Pneumocystis pneumonia (PCP) is an infection caused by Pneumocystis jiroveci, a microscopic fungus that lives in the lungs of many people. PCP is a rare disease in healthy people. However, it can cause a serious pneumonia in infants who have AIDS, cancer, or other conditions that weaken the immune system.
PCP is the most common pediatric illness associated with AIDS, especially in babies younger than 6 months old, and its prevention is very important in AIDS care since it is an important cause of mortality in people with AIDS.
In kids who are already seriously ill, symptoms of this form of PCP begin suddenly with a fever, a cough, and difficulty breathing. A child may not cough up any mucus because it is usually too thick to come up with the cough. Other symptoms can include weight loss and night sweats.
Infants who are weak or sick also can develop PCP. Usually the infant is 3 to 6 months old and has no fever, but gradually begins to breathe faster than normal. As the lung infection gets worse, breathing becomes more difficult, and the baby's chest muscles may begin to retract (pull in abnormally) with each breath. The child's lips, fingernails, and skin also may turn blue or gray.
A doctor can sometimes diagnose pneumocystis pneumonia by a characteristic X-ray pattern or if suspected in individuals with fever, cough, difficulty breathing who also have very low oxygen levels in their bloodstream. It is confirmed by finding the organism in lung fluids that have been examined in the laboratory. The doctor may need to use a bronchoscope to take a tissue sample from inside the lungs. This sample will be sent to a laboratory where special chemical stains can identify the pneumocystis organism.
Even if your child has no other medical problems, call your doctor immediately if your child has unusually rapid breathing or difficulty breathing, is coughing, or has a blue or gray color to the nails, lips, or skin.
Early treatment is key because PCP is a potentially life-threatening infection. Antibiotics, either alone or in special combinations, are usually used to treat pneumocystis pneumonia. They may be given by mouth or intravenously (into the veins) for at least 2 weeks. If the child has AIDS, antibiotic treatment will probably last about 3 weeks. Depending on the severity of the PCP infection, the doctor may add a steroid medication.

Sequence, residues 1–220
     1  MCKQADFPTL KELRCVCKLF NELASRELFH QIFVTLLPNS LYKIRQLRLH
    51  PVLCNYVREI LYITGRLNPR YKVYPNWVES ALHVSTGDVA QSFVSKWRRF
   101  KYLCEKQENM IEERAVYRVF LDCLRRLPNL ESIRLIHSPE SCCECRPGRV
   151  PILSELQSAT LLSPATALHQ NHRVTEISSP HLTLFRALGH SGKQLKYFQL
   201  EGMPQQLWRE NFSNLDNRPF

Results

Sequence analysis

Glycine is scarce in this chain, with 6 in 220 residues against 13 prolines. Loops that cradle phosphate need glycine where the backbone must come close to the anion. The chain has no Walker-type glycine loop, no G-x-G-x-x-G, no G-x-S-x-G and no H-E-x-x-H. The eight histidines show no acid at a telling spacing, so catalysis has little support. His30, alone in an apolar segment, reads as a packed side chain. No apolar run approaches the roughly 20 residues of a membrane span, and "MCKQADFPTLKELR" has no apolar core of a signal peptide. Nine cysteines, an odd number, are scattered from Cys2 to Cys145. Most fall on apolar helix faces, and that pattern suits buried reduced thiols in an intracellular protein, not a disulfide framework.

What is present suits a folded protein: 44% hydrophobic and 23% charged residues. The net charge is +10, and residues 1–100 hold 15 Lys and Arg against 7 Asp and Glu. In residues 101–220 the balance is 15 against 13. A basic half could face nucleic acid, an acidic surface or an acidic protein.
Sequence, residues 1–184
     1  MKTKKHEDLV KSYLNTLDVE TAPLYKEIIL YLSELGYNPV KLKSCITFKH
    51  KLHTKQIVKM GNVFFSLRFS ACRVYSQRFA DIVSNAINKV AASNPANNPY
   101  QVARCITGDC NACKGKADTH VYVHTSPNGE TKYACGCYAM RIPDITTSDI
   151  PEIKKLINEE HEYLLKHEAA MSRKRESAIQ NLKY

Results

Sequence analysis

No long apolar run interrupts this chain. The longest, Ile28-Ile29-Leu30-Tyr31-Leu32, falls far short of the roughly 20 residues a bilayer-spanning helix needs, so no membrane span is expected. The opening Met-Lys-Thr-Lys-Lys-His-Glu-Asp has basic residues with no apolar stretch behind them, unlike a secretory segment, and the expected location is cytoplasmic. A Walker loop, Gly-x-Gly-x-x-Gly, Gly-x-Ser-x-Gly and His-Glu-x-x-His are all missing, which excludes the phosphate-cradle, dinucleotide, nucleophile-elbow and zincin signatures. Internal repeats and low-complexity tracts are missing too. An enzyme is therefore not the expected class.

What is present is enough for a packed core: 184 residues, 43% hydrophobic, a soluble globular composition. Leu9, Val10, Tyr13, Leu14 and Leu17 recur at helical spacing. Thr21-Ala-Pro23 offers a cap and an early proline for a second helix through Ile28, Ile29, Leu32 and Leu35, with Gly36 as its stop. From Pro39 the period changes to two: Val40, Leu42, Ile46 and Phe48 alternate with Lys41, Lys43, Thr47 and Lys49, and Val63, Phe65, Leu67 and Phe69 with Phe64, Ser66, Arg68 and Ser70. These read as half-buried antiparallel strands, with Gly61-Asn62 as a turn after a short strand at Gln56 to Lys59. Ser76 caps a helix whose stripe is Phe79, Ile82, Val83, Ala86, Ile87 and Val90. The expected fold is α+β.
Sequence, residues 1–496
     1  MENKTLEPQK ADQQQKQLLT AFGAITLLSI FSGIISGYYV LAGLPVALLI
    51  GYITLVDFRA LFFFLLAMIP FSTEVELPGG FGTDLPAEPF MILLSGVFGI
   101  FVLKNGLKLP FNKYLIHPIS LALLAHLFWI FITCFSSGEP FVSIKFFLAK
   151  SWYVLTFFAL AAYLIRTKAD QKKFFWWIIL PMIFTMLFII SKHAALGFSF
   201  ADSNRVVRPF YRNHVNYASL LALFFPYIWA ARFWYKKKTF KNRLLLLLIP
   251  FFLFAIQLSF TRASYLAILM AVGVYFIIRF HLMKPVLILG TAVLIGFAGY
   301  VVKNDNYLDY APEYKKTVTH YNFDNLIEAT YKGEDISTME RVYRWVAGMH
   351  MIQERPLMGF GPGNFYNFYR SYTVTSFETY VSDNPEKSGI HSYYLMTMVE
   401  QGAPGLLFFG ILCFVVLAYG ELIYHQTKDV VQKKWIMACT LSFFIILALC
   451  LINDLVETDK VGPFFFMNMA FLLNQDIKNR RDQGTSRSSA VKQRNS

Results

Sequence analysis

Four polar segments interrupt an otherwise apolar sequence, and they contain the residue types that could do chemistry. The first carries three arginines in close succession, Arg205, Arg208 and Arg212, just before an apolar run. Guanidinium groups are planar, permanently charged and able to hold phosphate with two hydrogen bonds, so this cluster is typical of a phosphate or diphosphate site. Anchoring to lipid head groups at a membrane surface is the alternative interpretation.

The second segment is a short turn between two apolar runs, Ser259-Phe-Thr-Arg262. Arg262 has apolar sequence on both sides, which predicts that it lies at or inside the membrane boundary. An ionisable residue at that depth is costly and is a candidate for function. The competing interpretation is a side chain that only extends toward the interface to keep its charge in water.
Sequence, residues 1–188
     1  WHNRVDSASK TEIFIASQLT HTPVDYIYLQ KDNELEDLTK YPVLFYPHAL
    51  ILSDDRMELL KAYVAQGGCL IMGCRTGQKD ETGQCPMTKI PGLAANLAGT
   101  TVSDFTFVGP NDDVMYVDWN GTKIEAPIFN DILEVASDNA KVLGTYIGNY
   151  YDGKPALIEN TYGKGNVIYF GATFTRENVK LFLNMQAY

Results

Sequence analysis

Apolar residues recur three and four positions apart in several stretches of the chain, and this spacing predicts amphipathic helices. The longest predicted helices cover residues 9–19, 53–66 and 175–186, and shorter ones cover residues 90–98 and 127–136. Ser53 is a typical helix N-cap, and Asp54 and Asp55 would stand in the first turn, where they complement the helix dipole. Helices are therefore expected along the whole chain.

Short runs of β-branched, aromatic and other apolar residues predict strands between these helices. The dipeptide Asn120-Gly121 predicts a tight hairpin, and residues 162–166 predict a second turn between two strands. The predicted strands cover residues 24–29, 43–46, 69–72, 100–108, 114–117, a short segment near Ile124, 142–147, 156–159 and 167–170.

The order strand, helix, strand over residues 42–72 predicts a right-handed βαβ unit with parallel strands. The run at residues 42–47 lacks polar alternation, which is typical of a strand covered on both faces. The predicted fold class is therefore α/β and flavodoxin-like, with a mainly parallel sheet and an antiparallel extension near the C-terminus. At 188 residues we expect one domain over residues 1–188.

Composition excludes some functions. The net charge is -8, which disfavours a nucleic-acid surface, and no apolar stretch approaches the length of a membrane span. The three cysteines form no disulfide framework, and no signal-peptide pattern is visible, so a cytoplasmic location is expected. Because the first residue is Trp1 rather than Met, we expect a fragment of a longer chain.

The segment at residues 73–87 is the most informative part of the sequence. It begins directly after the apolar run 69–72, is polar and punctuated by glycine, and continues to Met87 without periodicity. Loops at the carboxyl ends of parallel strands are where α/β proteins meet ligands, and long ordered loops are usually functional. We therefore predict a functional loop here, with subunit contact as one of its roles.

If your child has any condition that severely weakens the immune system, check with your doctor about giving your child antibiotics to prevent pneumocystis infection.
All infants born to HIV-infected mothers should begin treatment to prevent PCP at 1 month of age until it's known for sure whether they have the HIV infection.
Transmission of PCP
Research is ongoing about how pneumocystis is spread. Scientists believe that it's transmitted through the air, but cannot yet point to sources in the environment. Human-to-human spread may be possible, since there have been hospital outbreaks among sick infants and children with weakened immune systems.
Because of the seriousness of this infection, most kids who have symptoms of pneumocystis infection are treated in the hospital. Some of the different antibiotics that may be used to treat pneumocystis can have side effects, which are easier to monitor in a hospital.